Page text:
Turns alternate between players. A turn consists of either moving one piece to an unoccupied location or mixing that piece with another. Mixing is somewhat analagous to capturing in Chess but, rather than moving to the target's location and removing the target, the various pyramids in the target and attacker are reconfigured to make two new pieces.

The way in which a piece moves is determined by the makeup of its pyramids. Pieces may mix (capture) to the same locations that they can move. A piece may mix with any other pieces, even those controlled by the player moving it.

Generally, pieces made of larger pyramids have more dramatic moves than those made of smaller pyramids and Pieces made of identically sized pyramids are more potent than those made of mixed pyramids. However, smaller pyramids are more powerful in mixing than larger ones and homogenous pieces require more focussed resources than mixed ones.

A player may move (or mix) any piece in which:

  • His side's color is the top (or only) pyramid
  • A piece identical (in size and color) to his Monad is contained

It is possible (and likely) that both players will be able to move the same piece on their turns.


The Martian Civil War is a battle of hearts and minds. Soldiers are not lost to death, merely to a new way of thinking.

A piece can be mixed with any piece at a location it could move to. The pyramids involved (usually four, sometimes three, and possibly only two) are used to make two new pieces following these simple rules:

  • There must be two pieces
  • Each piece can have no more than two pyramids in it
  • In each piece the top pyramid can be no larger than the bottom pyramid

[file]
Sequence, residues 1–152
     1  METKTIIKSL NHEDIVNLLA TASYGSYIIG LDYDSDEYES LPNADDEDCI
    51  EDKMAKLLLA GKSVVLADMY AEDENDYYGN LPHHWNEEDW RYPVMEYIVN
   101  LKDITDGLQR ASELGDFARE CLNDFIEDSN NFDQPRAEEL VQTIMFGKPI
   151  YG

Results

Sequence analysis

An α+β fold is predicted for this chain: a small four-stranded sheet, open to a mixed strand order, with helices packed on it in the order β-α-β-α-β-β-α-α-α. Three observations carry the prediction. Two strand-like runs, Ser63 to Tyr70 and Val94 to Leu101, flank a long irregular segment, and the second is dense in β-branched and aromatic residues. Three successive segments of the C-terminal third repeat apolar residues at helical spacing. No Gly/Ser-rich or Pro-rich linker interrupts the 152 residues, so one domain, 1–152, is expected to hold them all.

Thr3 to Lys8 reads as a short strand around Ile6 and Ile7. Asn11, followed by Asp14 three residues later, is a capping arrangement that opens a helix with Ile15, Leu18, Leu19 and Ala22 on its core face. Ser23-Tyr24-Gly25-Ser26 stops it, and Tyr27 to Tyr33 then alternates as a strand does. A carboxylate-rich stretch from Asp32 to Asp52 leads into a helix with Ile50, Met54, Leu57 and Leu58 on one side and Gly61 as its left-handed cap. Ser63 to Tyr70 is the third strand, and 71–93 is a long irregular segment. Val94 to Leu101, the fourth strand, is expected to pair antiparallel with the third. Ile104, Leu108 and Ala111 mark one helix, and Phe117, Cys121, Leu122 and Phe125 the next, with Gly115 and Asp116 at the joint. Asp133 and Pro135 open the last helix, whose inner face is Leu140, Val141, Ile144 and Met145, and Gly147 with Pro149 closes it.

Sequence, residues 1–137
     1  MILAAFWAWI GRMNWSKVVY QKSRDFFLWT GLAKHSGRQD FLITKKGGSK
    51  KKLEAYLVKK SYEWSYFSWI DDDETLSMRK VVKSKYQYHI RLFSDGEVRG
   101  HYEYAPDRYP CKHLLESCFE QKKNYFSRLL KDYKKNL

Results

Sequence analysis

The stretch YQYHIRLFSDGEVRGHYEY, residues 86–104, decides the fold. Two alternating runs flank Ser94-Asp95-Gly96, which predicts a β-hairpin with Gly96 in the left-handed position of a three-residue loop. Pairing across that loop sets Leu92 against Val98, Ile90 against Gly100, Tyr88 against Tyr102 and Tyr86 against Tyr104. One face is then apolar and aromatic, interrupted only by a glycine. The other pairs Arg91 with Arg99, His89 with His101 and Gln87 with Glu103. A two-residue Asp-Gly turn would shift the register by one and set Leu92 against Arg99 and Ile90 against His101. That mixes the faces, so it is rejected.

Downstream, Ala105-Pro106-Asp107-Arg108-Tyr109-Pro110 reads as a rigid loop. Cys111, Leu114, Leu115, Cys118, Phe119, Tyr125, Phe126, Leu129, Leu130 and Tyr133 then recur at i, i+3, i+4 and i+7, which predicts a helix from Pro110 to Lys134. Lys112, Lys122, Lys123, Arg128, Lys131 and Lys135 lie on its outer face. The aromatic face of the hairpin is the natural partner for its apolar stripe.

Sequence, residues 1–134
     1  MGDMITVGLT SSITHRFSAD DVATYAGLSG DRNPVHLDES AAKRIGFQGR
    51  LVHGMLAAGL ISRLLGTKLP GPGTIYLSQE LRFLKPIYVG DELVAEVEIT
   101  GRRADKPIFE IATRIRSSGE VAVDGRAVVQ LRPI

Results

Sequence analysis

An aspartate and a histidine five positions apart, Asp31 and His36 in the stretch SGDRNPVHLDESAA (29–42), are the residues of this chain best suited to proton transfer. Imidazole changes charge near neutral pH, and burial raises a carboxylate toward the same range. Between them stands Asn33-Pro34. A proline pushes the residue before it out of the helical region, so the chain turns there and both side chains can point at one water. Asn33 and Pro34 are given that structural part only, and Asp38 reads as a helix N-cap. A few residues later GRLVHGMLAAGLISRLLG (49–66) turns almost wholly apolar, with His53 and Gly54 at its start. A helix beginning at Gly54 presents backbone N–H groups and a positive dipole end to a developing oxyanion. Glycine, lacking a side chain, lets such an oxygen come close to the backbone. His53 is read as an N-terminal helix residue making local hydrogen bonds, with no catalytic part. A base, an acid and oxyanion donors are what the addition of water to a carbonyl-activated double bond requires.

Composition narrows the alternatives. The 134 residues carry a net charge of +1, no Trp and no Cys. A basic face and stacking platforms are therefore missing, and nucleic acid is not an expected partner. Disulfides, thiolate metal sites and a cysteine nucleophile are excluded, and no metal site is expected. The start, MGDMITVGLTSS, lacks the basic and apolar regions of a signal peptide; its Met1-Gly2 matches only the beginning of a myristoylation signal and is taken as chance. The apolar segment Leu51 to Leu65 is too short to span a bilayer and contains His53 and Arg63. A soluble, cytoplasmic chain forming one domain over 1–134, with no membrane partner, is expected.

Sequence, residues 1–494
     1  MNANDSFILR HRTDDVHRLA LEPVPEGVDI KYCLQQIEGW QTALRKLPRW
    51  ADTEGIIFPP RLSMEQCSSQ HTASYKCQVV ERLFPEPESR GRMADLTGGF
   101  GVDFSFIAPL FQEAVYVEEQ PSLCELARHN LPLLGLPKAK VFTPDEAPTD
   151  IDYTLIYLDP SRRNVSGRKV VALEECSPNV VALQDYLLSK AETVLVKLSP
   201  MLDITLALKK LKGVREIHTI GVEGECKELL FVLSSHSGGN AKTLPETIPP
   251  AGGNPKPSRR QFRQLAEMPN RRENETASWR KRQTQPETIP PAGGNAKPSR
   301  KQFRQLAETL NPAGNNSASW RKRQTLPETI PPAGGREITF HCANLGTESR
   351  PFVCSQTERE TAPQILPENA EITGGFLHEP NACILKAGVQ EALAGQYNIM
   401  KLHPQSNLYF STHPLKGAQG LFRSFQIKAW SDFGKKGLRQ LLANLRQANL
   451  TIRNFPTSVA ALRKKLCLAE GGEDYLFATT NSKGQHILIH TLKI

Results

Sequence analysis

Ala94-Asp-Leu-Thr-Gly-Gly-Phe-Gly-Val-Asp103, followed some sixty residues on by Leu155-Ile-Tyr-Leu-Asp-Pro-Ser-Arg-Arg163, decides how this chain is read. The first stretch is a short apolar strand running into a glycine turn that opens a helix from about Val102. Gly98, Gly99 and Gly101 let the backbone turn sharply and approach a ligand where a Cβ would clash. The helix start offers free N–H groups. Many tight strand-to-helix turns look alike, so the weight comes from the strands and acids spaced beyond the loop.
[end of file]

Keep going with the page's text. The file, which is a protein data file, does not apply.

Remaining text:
• A player may not leave themselves without a Monad as this would be suicidal

One piece is placed where the attacker originated from, the other where the target had been. The player may recreate the original pieces but in this case must place them in the opposite of their original locations, otherwise nothing has changed and, as this would be equivalent to skipping a turn, is not allowed.

Obviously, a major goal of mixing is to create two pieces under your control, but it may be strategically beneficial to do otherwise.

Repetition of moves

Similar to the Ko rule in Go, Albiorix does not allow repetition. Unlike the Ko rule however, it is repetition of moves that is disallowed, not repetition of positions. If the first player makes a particular move (or mix), the second player is allowed to exactly reverse it (assuming that such is a legal move) and the first player must now make a different move. This repetition only applies to consecutive turns (like weak Ko) and it should be customary for the second player to state verbally that he is reversing the preceeding move.